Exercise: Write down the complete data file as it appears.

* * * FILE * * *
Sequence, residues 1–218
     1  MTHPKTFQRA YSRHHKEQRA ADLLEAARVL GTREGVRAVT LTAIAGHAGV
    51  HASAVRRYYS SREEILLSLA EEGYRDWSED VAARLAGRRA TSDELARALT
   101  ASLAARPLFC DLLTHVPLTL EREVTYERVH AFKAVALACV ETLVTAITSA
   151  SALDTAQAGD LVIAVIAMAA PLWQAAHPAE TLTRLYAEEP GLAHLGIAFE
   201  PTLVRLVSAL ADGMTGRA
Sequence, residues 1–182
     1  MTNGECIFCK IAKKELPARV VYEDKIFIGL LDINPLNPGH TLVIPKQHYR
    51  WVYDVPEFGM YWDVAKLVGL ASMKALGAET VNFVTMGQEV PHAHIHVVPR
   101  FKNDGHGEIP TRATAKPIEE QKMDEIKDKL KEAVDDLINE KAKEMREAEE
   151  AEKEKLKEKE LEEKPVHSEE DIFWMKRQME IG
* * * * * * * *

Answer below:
Sequence, residues 1–218
     1  MTHPKTFQRA YSRHHKEQRA ADLLEAARVL GTREGVRAVT LTAIAGHAGV
    51  HASAVRRYYS SREEILLSLA EEGYRDWSED VAARLAGRRA TSDELARALT
   101  ASLAARPLFC DLLTHVPLTL EREVTYERVH AFKAVALACV ETLVTAITSA
   151  SALDTAQAGD LVIAVIAMAA PLWQAAHPAE TLTRLYAEEP GLAHLGIAFE
   201  PTLVRLVSAL ADGMTGRA
Sequence, residues 1–182
     1  MTNGECIFCK IAKKELPARV VYEDKIFIGL LDINPLNPGH TLVIPKQHYR
    51  WVYDVPEFGM YWDVAKLVGL ASMKALGAET VNFVTMGQEV PHAHIHVVPR
   101  FKNDGHGEIP TRATAKPIEE QKMDEIKDKL KEAVDDLINE KAKEMREAEE
   151  AEKEKLKEKE LEEKPVHSEE DIFWMKRQME IG